There is a monster waiting to devour us.
This stealthy Beast masquerades as a gentle giant, begging you to cuddle up with him. He is green with envy, yellow with fear, and red with comparison. Shiny jewels cover his torso, easily hiding an interior of rotting flesh and pending destruction. There are many captive to his whims.
Our culture has befriended this Beast. It has dressed him up to make him look acceptable. It says, “If you want a good life, focus on the Beast. Spend your time, spend your money on the Beast. Accessorize, pamper, and travel with the Beast. When you have met the needs of the Beast, he will release you to meet the needs of others.” And so we do. And our eyes become more distant, and un-fulfillment fills our hearts. And we think, “Maybe I just need MORE time with the Beast. Maybe the people around me don’t allow me enough time with the Beast. Maybe I need different friends, different kids, different spouses who will appreciate the Beast.” So some leave to find a new environment that would better suit the Beast, but the Beast is never satisfied.
And the story goes on. It repeats itself over, and over, and over again.
Then one day, we hear the truth. And the next morning, we stumble to the bathroom mirror, and see the Beast staring us in the face. Shocked, we cower back, not daring to look it in the eye, to see it for what it truly is. But it is too late. The dragon is exposed, and the lies he told us, the goods he sold us, are revealed in the light.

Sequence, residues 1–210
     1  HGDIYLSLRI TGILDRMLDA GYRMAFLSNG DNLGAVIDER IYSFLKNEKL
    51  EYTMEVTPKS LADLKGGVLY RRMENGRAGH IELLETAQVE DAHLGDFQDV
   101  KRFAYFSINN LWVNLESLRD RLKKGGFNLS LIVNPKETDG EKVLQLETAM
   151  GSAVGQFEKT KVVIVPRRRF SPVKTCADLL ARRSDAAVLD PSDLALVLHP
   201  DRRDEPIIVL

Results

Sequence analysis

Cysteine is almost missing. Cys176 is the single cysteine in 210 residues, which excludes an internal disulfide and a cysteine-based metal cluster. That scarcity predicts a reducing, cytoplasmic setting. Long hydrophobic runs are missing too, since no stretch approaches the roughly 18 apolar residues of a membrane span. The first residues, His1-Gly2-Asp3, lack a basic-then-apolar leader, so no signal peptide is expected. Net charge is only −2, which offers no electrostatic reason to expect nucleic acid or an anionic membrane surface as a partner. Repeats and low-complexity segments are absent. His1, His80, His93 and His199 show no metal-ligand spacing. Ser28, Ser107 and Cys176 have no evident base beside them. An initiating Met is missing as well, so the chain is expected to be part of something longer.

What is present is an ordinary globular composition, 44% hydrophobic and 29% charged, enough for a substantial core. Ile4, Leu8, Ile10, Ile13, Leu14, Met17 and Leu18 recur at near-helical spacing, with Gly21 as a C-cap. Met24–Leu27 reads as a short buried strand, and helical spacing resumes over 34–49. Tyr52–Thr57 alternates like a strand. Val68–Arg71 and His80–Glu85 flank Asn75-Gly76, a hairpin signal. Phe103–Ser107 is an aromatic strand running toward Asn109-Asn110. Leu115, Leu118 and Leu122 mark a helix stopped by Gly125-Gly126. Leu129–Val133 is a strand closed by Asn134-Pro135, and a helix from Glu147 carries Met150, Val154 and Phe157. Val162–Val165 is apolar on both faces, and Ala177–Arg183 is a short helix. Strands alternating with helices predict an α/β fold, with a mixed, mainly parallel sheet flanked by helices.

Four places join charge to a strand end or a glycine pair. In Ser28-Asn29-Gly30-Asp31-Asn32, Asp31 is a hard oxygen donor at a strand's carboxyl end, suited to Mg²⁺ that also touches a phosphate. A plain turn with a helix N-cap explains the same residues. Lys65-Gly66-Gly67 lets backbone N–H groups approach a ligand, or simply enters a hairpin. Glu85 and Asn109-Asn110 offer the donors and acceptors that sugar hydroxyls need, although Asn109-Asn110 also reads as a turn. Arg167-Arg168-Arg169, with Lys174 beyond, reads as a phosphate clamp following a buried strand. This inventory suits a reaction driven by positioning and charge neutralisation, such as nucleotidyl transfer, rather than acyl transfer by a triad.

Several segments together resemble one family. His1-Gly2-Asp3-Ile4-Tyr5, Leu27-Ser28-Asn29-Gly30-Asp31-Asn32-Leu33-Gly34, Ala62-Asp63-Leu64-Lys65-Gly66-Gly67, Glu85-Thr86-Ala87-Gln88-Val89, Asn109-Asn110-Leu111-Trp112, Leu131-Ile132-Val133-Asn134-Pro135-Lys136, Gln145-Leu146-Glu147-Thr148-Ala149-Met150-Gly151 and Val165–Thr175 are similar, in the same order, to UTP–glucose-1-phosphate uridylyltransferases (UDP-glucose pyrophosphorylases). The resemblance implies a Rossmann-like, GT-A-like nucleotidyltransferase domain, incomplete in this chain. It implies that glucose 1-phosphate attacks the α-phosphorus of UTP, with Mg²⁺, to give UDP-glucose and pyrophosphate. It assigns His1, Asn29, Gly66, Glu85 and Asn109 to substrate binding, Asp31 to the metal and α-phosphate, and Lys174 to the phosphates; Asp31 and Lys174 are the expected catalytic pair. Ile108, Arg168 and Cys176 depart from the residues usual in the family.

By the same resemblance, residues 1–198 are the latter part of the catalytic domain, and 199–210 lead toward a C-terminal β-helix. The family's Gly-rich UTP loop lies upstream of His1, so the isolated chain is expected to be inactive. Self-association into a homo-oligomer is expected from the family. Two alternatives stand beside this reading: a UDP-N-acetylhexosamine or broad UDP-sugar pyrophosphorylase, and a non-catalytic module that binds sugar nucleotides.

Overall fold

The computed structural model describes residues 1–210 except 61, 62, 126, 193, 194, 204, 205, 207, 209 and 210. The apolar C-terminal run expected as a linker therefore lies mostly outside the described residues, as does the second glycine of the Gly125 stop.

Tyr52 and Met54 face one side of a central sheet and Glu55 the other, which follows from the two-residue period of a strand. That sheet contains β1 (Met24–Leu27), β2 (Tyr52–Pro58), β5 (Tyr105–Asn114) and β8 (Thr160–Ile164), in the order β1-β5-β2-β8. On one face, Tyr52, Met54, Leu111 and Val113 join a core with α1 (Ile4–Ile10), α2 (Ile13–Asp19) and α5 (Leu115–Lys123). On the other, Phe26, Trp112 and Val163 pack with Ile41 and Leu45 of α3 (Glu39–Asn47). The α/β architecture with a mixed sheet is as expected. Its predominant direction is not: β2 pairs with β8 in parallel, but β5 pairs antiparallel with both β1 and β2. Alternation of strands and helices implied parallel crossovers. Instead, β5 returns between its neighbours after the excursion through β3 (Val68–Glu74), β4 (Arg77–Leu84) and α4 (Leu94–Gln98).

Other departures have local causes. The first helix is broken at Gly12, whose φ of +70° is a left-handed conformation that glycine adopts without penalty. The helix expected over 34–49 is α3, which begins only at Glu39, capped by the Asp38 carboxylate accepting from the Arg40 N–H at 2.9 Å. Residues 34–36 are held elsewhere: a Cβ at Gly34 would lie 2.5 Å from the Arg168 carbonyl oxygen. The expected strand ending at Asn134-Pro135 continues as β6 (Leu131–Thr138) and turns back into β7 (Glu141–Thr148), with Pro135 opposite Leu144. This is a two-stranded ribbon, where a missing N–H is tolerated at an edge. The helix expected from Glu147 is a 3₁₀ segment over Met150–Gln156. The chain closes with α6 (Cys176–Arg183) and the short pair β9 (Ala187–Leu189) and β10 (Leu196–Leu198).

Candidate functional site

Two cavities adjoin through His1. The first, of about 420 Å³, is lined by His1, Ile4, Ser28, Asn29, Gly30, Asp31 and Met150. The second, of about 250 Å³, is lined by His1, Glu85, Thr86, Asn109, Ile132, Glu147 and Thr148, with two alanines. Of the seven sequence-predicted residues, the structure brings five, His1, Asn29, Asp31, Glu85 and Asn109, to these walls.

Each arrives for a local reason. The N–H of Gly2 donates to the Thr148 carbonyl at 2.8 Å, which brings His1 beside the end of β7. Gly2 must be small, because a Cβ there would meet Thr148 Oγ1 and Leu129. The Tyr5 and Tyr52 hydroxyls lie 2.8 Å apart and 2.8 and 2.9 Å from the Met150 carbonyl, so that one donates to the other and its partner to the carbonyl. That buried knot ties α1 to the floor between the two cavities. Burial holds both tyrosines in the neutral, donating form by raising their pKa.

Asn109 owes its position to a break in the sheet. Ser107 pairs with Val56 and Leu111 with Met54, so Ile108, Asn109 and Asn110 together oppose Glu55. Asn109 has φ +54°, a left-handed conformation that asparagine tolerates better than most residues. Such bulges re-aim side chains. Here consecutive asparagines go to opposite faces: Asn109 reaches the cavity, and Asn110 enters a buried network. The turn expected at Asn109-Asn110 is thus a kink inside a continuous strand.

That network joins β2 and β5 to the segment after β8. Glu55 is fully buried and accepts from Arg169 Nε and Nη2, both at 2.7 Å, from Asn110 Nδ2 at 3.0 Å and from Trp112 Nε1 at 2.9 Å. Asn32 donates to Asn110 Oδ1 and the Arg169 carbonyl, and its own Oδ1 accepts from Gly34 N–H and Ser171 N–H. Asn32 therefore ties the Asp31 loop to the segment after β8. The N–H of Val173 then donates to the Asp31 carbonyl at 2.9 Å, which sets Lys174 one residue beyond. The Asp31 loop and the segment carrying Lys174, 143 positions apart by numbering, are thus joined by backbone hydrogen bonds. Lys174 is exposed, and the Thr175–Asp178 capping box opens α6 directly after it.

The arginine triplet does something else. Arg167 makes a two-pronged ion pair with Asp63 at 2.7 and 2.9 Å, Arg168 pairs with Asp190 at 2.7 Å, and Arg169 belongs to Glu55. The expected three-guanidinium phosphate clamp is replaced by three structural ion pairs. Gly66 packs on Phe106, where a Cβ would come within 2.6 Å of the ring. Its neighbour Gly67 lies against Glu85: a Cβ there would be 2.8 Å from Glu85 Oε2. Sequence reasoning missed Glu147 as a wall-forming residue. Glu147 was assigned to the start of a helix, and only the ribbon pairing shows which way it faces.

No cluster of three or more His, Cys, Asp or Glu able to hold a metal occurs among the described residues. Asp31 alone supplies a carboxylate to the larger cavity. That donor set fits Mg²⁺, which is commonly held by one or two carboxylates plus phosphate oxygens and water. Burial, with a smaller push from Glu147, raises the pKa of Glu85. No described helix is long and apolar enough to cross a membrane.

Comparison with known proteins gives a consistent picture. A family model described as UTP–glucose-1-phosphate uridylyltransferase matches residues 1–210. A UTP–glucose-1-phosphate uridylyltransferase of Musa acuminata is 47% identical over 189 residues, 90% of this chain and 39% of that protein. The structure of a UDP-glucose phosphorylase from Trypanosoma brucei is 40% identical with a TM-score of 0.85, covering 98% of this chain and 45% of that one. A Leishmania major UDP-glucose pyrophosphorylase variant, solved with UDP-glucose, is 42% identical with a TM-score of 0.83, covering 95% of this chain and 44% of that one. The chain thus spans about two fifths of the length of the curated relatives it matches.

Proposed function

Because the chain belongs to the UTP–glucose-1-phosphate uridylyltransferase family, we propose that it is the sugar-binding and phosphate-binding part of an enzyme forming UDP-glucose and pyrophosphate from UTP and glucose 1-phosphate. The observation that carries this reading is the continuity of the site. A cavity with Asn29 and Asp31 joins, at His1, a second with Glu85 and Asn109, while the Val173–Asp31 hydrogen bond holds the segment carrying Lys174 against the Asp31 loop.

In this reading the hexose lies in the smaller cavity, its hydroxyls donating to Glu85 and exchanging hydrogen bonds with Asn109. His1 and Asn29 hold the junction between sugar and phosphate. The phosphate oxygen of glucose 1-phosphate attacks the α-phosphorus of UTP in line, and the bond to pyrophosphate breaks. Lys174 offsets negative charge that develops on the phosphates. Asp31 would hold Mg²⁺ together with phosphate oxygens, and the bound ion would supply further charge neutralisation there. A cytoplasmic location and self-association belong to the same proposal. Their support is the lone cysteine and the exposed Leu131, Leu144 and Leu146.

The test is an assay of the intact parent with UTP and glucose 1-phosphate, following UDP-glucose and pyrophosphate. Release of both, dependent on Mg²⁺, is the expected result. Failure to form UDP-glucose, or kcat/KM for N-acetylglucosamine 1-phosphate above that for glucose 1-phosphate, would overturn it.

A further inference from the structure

The Beast is self. And the only way to kill the Beast is to lay it down, over and over again.
We will never see the beauty of the image of God reflecting through that mirror – others will never see that, until the scales fall off through self-sacrifice. And this motherhood thing? – there is no other environment I know of that makes me face the Beast head-on more than motherhood.
I lay the Beast down each moment I respond with gentleness when I feel injured, with kindness when someone is cruel. I lay it down when I am patient with a toddler and when I gently listen to a hormonal preteen cry – or laugh – or get mad – for reasons even she doesn’t know. When I give more of me than I thought I had to give, and lean into the love of Christ to see me through, the beast dies a little more. And that death gives way to new life.